Now, if Crush were a “fake person,” a human face, I’m not so sure it’d appeal to me. Computer animation still just isn’t good enough to make “real” faces just yet, at least not in my perception. I was endlessly squicked out by The Polar Express, for example. I do realize that some people don’t have those high standards though. Plenty of people have told me how great Express was, discussing it in the same kind of reverence that Hansen has for Shaw.

I think I’d like to see Hansen’s opinion of these computer systems that aren’t meant for art but instead for entertainment. If there’s any place that Hansen’s argument breaks down seriously for me it’s in his examples. He’s defining new media technology and the image in digital art in a way such that we begin to understand that these images aren’t purely visual. Digital images are processed by the body, not just eyes vs. image, and that it is this perceptional process that creates the image itself. This is one way, including the body in the perception process, that he tries to reintroduce the human in the technological since it is only too often that we assume that technology will erase the human altogether.

However, I don’t think that his thesis is only appliable to things that he would consider digital art. He seems to privelege things that are touchable, manipulable, in a way that a lot of digital art really isn’t. His examples remind me of articles I read in past classes about early experimental cinema experiments more than the articles I usually read about new media–which isn’t particularly problematic but is interesting.

I’m not sure where the line between art/not art is, as well. For example, I’m interested in buying one of these:


This is Pleo, he’s a robotic dinosaur that obeys voice commands, has “emotions,” develops based upon your interaction, moves around on his own, and reacts to his environment. Ugobe (You Go Believe), the company that created Pleo, describes him as the place where art and science meet.

It was particularly this meeting of art and science, their intersection, that I was reminded of when I was reading Hansen. His theories seem to work best at that place where art and science begin to blend. Pleo’s creators have very different goals than Shaw and the other artists profiled by Hansen, but in the end they are all looking at some of the same things.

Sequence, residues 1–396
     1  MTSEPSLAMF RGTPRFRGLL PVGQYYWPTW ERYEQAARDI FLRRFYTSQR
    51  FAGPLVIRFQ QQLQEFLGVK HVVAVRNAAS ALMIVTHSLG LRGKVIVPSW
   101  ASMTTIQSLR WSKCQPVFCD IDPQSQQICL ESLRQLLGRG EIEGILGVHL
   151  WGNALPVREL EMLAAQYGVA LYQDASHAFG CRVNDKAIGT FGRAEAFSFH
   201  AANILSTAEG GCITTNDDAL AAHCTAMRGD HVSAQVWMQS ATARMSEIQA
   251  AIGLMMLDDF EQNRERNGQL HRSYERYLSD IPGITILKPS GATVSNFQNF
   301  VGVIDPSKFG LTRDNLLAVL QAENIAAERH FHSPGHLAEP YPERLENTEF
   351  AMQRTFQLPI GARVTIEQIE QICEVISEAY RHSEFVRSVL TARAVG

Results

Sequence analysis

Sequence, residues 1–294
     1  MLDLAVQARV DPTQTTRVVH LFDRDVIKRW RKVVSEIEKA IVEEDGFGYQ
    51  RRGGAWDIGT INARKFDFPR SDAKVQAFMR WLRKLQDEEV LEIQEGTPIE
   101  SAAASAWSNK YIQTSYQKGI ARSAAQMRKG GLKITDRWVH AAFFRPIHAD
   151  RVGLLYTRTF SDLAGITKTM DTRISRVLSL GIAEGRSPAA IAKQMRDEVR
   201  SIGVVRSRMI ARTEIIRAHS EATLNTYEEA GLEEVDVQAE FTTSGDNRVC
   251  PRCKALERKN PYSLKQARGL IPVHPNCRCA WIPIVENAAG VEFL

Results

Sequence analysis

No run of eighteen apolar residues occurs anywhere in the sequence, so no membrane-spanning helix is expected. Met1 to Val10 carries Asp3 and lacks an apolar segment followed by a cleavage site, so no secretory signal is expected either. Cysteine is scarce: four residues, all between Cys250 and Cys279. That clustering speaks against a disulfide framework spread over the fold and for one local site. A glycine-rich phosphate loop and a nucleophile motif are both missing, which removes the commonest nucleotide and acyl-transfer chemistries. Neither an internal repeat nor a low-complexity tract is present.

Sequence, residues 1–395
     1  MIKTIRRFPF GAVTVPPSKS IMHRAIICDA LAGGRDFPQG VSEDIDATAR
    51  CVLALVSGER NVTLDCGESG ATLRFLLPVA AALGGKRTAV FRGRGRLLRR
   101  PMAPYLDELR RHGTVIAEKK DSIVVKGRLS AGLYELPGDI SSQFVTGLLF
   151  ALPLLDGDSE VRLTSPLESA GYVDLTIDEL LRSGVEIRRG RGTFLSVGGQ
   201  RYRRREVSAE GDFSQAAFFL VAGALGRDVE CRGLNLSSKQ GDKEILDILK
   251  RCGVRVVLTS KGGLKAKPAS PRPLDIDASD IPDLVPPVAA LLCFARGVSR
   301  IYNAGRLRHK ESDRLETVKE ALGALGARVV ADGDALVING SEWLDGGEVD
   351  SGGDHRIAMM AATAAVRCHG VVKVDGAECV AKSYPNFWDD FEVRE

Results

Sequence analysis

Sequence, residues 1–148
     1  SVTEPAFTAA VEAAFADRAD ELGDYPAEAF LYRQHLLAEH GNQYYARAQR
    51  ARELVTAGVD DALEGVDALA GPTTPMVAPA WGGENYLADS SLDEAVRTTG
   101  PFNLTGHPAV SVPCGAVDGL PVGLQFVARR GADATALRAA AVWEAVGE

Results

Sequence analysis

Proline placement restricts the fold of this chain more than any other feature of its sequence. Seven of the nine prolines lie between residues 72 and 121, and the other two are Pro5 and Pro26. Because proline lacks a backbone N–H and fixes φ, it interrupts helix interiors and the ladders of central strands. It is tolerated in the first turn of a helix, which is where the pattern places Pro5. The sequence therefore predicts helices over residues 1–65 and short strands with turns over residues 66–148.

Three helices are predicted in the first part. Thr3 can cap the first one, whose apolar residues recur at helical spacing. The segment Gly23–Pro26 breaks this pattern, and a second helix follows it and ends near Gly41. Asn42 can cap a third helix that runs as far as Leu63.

Pleo’s creators (and Shaw et al) want people to interact with their creation and let it change the way people interact with technology. Ugobe is following in Sony’s Aibo’s footsteps in that way. I have a Aibo 210 and it certainly doesn’t feel like a toy or a computer to interact with, nor is it a robot in the same way the Hero Jr. was in the 80s or the way our Roomba Gary is. Like Shaw’s art, the Aibo and Pleo don’t really serve any direct purpose (they don’t serve me drinks or vaccuum my rug) but instead all these things are meant to argue for a certain kind of human/digital relationship. Shaw calls parts of that relationship into question, while Pleo might make us more comfortable with it, but in reality all these things are pulling bodily affect into a conversation with the digital.

Also… they’re pretty cool.

I’d like to see Hansen write about Aibo or Pleo (or Turtle Talk) not only because I have some degree of personal experience with them, but because they are more accessible to ordinary people than the obscure digital artwork he discusses within the text. Do his theories still apply? Are these not “art” even though their creators have defined them as such? Can art also be toys? And how does all this relate to the new media that I interact with every day online?

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Cabinet of Wonders

Grusin and Bolter derive a similarity between digital media and antique Wunderkammer—Cabinets of Wonder. This struck me as a particular apt thought in that so many digital media are used as holders of other things, as at this time so many are also built upon database (which I have actually described to basic computer users as file cabinets with many, many drawers). The database method of building a website through XML and CSS all but guarantees that all files contained within can be anything at all—sometimes even other databases (but rarely).

            Add to this the fact that one of my favorite blogs actually is about and is a cabinet of wonders itself (http://cabinet-of-wonders.blogspot.com/) and you can imagine how I might be drawn further to this line of thought. In general, the blog in question is about anything the writer finds fantastic, and because she’s an interesting person I too find the things she collects to be interesting. But even more than that, the existence of her blog has lead me down the path of thinking as blogs as a sort of multimedia Wunderkammer—people write about things they find interesting in blogs, shove random pictures and videos in, and we get the sense that what’s here (in any blog) is rather important to the owner. In many ways, many blogs are cabinets of wonder.

            I don’t think that “cabinet of wondering” (didn’t think I could make that a verb… hrm…) isn’t really a conscious process most of the time. Children and young adults particularly seem to have this sort of collecting absolutely 100% down: their myspace pages are proof of it. “Look at all this stuff I think is cool!” While adults and authority figures sneer on that myspace doesn’t have very good graphic design principles behind it, say it’s messy, say it’s going to destroy these kids’ lives, I think the students and younger people on the system have the right idea: it’s all about collecting and sharing. Livejournal before it is all about the same thing, and there’s nothing saying that blogs on Blogger and WordPress aren’t either.